Facebook business page - picture of keys
If you’re a Facebook Business Page owner? This article tells you everything you need to set up another Facebook Business page Admin person. Trust me, you MUST do this if you want to always have access to your page.

“Facebook is your landlord, not your friend”

The excellent social media trainer Pascal Fintoni repeatedly made this point in a series of talks. But it didn’t really hit home until I was warned by another respected social media expert.

In Facebook, you need to have a personal account before you can create a Facebook Business Page. For some unknown reason, the email address the expert had used to set up their personal account years before was deemed dodgy overnight. Suddenly their Facebook account was frozen. This included access to their Business Page, their Facebook Ad activity and statistics. As the only person with admin access to their Business Page, they were stuck.

As much as they tried – and this is an industry expert we’re talking about here – it took weeks to reinstate their accounts. On hearing this, my blood ran cold. I added another Admin to my Facebook Page that night.

Ingredients for your Facebook Page back-up

Sole traders are particularly vulnerable to doing everything themselves. But all you need is a partner/friend who is a bit Facebook-savvy. You also have to trust them enough not post silly messages to your Business Page.

What to ask your potential Admin

Thought of your person? Great. Firstly check they’re OK with being an Admin. It will involve absolutely no work on their behalf. They are acting as backup in case of emergency. Then ask them to Like your Facebook business page by clicking Like underneath the main picture.

They have to be your Facebook Friend (temporarily)

The person you choose has to be your Facebook Friend on your personal account too. So if you’re adding employees or professional associates, befriend each other first, set them up as an Admin then unfriend them afterwards.

How to set up an Admin

  1. Log into Facebook and switch to your Business Page account profile (that tiny arrow in the top-right next to the padlock item – there’s screenshots on my 10 Shortcuts for Business Facebook Page Owners).
  2. Go to Settings/People and Other Pages. This lists the people who’ve liked your page. The most recent are at the top of the list.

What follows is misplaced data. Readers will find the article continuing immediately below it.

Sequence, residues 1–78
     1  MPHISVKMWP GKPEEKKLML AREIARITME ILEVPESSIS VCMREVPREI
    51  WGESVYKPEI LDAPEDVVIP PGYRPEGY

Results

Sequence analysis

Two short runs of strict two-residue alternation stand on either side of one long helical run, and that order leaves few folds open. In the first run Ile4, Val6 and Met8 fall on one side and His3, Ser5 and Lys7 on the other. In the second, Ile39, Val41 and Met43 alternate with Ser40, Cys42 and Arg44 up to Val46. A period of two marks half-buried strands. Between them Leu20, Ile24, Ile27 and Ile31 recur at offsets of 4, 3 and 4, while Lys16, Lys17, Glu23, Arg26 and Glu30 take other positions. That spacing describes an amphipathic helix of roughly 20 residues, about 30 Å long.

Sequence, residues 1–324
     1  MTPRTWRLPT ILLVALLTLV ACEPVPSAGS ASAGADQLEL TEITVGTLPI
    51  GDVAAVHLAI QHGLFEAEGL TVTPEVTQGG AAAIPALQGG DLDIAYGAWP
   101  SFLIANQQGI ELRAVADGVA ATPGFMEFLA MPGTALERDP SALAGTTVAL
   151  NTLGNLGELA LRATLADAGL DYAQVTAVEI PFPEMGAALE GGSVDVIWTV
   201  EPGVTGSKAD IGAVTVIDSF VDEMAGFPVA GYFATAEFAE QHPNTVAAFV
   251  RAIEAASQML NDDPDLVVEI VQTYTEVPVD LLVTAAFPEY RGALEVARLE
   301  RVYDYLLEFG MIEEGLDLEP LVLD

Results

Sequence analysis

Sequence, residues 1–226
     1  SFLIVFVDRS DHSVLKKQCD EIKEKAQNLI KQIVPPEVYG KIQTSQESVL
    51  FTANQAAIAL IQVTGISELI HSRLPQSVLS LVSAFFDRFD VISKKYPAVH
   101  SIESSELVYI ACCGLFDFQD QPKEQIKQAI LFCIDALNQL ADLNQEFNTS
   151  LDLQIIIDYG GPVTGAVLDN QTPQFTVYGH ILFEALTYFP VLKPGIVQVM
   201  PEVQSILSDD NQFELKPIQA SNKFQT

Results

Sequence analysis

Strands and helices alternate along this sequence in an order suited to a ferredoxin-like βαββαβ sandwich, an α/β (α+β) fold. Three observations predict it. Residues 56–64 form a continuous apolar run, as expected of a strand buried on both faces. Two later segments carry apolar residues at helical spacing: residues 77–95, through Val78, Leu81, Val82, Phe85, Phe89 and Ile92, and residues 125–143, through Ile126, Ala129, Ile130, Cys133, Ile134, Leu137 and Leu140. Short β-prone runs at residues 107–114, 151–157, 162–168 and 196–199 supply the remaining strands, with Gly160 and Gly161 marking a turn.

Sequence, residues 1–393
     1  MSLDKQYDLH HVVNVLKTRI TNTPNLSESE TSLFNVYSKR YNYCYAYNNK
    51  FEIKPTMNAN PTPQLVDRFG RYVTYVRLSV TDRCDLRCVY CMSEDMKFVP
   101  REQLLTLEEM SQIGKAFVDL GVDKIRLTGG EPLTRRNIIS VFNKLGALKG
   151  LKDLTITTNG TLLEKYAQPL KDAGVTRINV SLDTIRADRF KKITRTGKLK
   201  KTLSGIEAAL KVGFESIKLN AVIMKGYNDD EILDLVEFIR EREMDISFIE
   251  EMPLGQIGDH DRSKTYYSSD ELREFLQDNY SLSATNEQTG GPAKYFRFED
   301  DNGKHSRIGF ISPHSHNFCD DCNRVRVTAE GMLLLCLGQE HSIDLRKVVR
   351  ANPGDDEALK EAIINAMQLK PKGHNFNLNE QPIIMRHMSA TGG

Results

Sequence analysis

3. Tick the box to the left of their picture.
  4. Scroll up to the cog button.
  5. Choose Assign page role.
  6. Click the underlined Editor next to their picture and choose Admin, not Editor. Why? Just as the comedian Tim Minchin sings ‘only a ginger can call another ginger ginger’ only an Admin can re-appoint another Admin.
  7. Scroll down and click Save.

Example screenshot from Settings / Page Roles

Facebook admin screenshot

Stop notifications

Chances are they probably don’t want notifications about your page popping up in their Facebook feed. They can turn them off by:

  1. On their personal Facebook page click the arrow in the top right
  2. Select Settings
  3. On the left-hand menu click Notifications – with the globe icon
  4. In the Notifications page, click ‘On Facebook’
  5. Scroll down to ‘Pages You Manage’ and turn off notifications

Break open in case of emergency

Should you ever be locked out of your Facebook account, they can open up Facebook and log into your Business Page. From there they can re-appoint you, or your temporary Facebook account, as an Admin.

Social media exit checklist?

Big businesses need to be just as careful. Do you have a checklist for when employees leave? Make sure you remove leavers from your Facebook Business Page role as well as the parking rota.

“But my employees would never do anything wrong.”

Really? A disgruntled employee who has Admin access can lock you out and post whatever they like on your Facebook page. So please be careful. It’s best to give them Editor level rather than Admin level permission.

“Someone else deals with my Facebook page for me.”

Lucky you. But what happens if they go on a world trip without giving you access? This is a true story and the company in question now can’t post anything to their page. Make sure you are an Admin, even if you don’t deal with anything yourself. In the future, you may ask someone like me to help out. But if you don’t have access to add me, I can’t do anything.

“Surely I can appeal to Facebook?”

I spent three months on behalf of a client trying to regain Admin rights for them. I asked forums, emailed experts and badgered Facebook with countless requests. Nothing worked.

Do come running

Getting in a pickle about Facebook, Twitter or web content? I offer one-to-one coaching, group courses or can be your digital writer as part of my Ink Gardening Round. Just get in touch for a no-obligation chat.